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A little light reading

August 25, 2010 - Deb Gau
I'm back from a little bit of vacation time, in which I started, but didn't quite manage to finish a book. It's not what I would call typical beach reading, but "The Dead Beat" by Marilyn Johnson is pretty entertaining nevertheless. It's a nonfiction book all about obituaries and the journalists who write them. Fascinating stuff — at larger newspapers that have their own separate obits departments, it's a job that kind of straddles the line between being a scholarly biographer and a human interest features writer. Being an obituarist often means keeping one eye on aging or ailing public figures at all times, just in case, or sometimes compiling biographical info or interesting stories about a person years before they die. On the human interest level, it also means being able to unveil ordinary people's personalities and their impact on the community.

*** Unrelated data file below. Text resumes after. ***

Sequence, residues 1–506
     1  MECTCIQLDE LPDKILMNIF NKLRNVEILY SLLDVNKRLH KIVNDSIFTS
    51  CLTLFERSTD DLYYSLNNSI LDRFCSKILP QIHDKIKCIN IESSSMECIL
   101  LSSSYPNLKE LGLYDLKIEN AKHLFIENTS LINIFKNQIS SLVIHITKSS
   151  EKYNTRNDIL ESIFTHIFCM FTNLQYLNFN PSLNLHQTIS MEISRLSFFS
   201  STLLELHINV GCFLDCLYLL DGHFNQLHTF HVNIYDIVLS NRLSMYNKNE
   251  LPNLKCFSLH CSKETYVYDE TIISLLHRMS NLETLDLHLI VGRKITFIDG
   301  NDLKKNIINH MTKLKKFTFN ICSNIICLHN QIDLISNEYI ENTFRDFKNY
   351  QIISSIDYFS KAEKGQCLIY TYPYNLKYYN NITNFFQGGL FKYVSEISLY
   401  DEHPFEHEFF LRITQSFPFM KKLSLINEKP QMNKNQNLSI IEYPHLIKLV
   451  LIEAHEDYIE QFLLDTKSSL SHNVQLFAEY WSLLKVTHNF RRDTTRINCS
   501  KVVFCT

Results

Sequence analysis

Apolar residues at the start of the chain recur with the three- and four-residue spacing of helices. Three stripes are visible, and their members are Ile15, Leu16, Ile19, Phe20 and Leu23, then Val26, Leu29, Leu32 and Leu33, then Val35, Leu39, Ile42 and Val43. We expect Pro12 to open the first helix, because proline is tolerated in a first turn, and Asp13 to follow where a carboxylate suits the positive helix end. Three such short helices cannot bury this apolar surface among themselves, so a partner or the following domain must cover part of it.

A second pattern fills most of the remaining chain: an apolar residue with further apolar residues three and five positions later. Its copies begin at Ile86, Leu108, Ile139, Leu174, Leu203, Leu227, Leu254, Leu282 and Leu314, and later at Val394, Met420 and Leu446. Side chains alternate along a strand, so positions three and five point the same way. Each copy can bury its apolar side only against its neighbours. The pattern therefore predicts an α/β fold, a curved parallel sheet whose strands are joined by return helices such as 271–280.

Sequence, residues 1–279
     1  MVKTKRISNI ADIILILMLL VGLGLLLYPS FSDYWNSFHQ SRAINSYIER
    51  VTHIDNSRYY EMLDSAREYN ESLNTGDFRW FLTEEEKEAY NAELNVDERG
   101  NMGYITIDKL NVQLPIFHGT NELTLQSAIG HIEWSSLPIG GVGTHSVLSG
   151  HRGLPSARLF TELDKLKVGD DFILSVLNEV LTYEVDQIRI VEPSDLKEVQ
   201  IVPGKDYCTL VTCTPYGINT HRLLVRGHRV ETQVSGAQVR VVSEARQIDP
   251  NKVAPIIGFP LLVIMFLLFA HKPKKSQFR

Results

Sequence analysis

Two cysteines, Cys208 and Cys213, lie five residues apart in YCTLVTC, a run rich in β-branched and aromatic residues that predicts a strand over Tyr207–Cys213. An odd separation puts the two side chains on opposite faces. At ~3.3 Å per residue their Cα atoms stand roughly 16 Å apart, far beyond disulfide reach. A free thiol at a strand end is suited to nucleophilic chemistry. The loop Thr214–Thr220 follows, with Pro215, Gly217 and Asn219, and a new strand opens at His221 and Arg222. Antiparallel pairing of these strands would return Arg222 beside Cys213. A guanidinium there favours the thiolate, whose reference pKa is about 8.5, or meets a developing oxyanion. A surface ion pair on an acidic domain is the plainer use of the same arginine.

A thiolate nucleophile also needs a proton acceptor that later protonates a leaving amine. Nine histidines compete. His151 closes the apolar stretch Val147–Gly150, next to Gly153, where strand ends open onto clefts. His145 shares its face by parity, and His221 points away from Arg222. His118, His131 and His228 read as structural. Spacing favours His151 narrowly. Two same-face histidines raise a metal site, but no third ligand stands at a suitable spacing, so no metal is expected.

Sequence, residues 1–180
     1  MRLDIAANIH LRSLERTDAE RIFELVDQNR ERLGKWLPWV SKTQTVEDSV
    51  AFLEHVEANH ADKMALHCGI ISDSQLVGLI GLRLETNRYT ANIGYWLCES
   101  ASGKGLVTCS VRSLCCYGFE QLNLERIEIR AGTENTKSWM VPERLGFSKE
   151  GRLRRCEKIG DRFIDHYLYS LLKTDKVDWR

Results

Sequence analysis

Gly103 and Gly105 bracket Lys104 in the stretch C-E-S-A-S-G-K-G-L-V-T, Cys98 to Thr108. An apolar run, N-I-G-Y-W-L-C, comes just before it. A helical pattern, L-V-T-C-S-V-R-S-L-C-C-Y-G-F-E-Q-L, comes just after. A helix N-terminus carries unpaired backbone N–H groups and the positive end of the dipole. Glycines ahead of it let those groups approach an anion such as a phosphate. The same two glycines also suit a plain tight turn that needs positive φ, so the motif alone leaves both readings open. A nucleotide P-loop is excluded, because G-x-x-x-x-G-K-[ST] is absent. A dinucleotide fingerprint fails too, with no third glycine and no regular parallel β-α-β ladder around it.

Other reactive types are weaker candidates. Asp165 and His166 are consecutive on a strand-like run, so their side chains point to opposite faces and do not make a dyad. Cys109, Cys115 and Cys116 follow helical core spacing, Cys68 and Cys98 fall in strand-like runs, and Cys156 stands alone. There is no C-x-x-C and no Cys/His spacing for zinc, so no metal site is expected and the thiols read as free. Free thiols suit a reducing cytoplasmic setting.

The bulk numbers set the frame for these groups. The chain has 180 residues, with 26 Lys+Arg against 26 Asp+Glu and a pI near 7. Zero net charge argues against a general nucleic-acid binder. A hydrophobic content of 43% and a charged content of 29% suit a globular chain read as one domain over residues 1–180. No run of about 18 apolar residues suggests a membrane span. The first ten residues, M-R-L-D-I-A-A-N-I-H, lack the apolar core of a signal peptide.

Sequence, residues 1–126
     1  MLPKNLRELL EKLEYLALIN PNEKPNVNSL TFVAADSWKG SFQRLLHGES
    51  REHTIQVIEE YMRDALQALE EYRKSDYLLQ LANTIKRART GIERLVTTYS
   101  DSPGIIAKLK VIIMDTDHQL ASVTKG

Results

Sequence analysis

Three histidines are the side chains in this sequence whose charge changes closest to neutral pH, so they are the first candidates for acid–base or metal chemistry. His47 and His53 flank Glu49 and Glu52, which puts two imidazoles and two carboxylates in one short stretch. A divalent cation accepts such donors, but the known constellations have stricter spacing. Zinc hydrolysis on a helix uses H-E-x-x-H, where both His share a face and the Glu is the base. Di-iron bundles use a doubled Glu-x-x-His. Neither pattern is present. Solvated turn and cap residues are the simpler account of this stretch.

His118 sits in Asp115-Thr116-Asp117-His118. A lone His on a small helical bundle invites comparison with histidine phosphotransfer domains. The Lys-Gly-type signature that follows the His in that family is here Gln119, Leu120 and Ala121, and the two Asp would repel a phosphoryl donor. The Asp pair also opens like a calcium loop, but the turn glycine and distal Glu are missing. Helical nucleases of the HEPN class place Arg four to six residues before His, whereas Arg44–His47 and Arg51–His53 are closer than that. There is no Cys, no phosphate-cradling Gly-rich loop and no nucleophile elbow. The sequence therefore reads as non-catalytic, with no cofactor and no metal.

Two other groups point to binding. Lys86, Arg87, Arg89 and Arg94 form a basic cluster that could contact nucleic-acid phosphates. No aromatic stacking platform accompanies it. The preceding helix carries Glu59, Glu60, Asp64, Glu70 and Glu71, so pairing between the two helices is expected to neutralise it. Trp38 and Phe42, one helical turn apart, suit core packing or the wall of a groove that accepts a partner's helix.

The most interesting thing I've learned so far is that there are whole "schools" of obituary writing. Some newspapers favor a more sentimental or heartwarming writing style for obituaries, while others employ humor. Apparently, the major newspapers in England are known for tongue-in-cheek or outright catty profiles of the departed.


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